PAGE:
Supply of reinsurance capital and capacity continues to “far exceed demand in worldwide property and casualty reinsurance” as market conditions remain challenging, according to Hannover Re, but the German reinsurer says “further indications of a bottoming out in prices could be discerned.”
Reporting a second-quarter set of results this morning that reveal an impact from global catastrophe losses such as the Fort McMurray fire, but still a reasonable profit as the diverse nature of the business continues to perform and investment profits grew, Hannover Re discussed the state of the global reinsurance market.
Group CEO Ulrich Wallin cited the “difficult state of the reinsurance market itself, with supply still clearly outstripping demand” in his letter to shareholders this morning, also explaining that the pressure is increased due to “protracted low interest rate environment is substantially cutting into the returns that can be earned on investments.”
Against this backdrop and given the higher losses suffered, it’s testament to the prudent nature of the reinsurers underwriting and its global footprint that profitability is maintained.
However Hannover Re has missed on analyst expectations for the first-half and the 9.2% of catastrophe losses are the highest since 2011. Reserve releases helped to boost profits so the result could have been considerably worse.
In fact, a EUR150m excess reserve release has pulled back the Hannover Re combined ratio to 96.1%, which analysts at J.P Morgan note could have been as high as 104.1% without that major release.
Walin explained the importance of this prudence, saying; “In the current soft market for property and casualty reinsurance we attach greater importance to safeguarding the profitability of the business than to boosting premium income. We continued to be guided by this principle in the latest treaty renewals as at 1 June and 1 July of this year.”
As at the 30th June 2016 Hannover Re reports further pulling back on premiums underwritten, with gross premiums down 3.5%. But the reinsurer explains that this is aligned with its strategy, in the current reinsurance market environment, saying; “This figure is in line with expectations, especially bearing in mind the intense competition in property and casualty reinsurance.”
Wallin continued; “For us, it is more important to preserve the profitability of the business than to boost premium income.”
The reason is largely the continued softened state of property and casualty reinsurance and the oversupply of capital and capacity that has ramped up competition and reduced rates as a result.
The company explained this morning; “Supply continued to far exceed demand in worldwide property and casualty reinsurance, although further indications of a bottoming out in prices could be discerned. In some areas this was also true of the treaty renewals as at 1 April 2016.”
At the mid-year reinsurance renewals, when many of the North American risks are renewed, Hannover Re noted continued rate pressure, but at a reduced rate, as the existence of a bottoming out of reinsurance rates continues to emerge.
“As had already been observed in prior rounds of renewals, we did, however, see some indications of a bottoming out in reinsurance prices,” Wallin said.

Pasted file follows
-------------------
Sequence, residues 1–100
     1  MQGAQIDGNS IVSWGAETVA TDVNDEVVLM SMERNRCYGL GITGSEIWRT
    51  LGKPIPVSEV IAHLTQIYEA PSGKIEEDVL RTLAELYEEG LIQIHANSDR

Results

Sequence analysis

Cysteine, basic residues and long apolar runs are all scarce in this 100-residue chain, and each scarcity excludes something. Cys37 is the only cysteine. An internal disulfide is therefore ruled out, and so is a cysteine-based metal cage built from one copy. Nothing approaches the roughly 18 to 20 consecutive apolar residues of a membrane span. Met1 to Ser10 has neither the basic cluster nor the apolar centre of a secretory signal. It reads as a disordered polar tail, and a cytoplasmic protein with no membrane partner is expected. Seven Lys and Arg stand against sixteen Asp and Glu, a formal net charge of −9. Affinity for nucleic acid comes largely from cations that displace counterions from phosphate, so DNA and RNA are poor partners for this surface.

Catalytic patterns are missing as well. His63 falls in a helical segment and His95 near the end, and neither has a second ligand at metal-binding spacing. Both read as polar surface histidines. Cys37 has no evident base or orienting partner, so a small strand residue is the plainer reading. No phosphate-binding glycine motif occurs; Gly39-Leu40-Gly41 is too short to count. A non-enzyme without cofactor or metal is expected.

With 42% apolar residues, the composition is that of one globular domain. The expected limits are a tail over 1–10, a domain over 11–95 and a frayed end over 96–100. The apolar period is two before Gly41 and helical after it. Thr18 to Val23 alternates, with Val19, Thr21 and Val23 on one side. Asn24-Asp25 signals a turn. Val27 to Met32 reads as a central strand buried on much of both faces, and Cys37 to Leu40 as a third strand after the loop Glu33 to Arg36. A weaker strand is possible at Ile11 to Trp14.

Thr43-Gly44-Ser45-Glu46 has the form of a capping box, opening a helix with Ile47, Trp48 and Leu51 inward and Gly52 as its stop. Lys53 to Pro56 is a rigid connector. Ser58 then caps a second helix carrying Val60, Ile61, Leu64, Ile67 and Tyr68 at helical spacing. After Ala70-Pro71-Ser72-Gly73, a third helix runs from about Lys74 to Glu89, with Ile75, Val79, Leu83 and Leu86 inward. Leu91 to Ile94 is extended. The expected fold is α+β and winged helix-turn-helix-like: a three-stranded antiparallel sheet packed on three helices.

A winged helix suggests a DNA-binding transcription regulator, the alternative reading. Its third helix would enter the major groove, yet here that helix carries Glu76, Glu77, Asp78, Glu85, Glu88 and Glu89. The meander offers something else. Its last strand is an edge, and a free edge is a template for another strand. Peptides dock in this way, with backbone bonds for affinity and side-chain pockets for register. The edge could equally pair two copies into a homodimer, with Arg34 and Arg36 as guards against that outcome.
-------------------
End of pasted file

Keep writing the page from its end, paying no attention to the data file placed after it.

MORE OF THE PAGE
He added that the bottoming out of reinsurance rates was particularly evident at the U.S. renewals, saying that the reinsurer found opportunities to write “attractive” new business at the recent renewals. Hannover Re also saw growth in specialty lines at recent renewals, as it found more attractive opportunities to deploy capacity and overall grew its treaty business premiums renewed by 8%.
This is an interesting fact from recent renewals. That while the major reinsurers have all acknowledged a bottoming of pricing, they have also largely seen some growth in some of the areas where pricing is near the bottom. Something perhaps to watch out for should any major loss event, particularly in the U.S, occur.
While the reinsurance market remains challenging, Hannover Re hopes for improving conditions as this bottom of the market becomes more broadly visible. As well as a floor on pricing emerging in the U.S., Hannover Re also noted that European property catastrophe rate declines have also eased, which is a further positive sign.
Interesting, Hannover Re noted some rate increases on property business in Canada, which it attributes to the Fort McMurray wildfire loss. That is pleasing to hear, as it suggests a disciplined market. Hannover Re said that as a result of these rate increases it deployed more capacity here.
Despite the miss in the first-half of 2016 Hannover Re continues to maintain its target for full-year profitability, which it notes is conditional on major losses remaining below budget and capital markets remaining stable.
Wallin highlighted that “challenges facing the reinsurance and capital markets are currently very considerable,” but despite this he remains confident in the firms ability to profit.
The continued evidence of a pricing floor will help. But the question still remains, how long will reinsurance prices remain at the bottom of the price cycle? As profits will be increasingly harder to come by if this continues and reserves are increasingly used up to augment results.
Prudence will become increasingly important, an area in which the bigger reinsurers like Hannover Re excel. For the ILS market, minimum return requirements are going to remain key, for as long as the softness persists, and scale will assist as the larger ILS funds can better leverage diversification within their portfolios.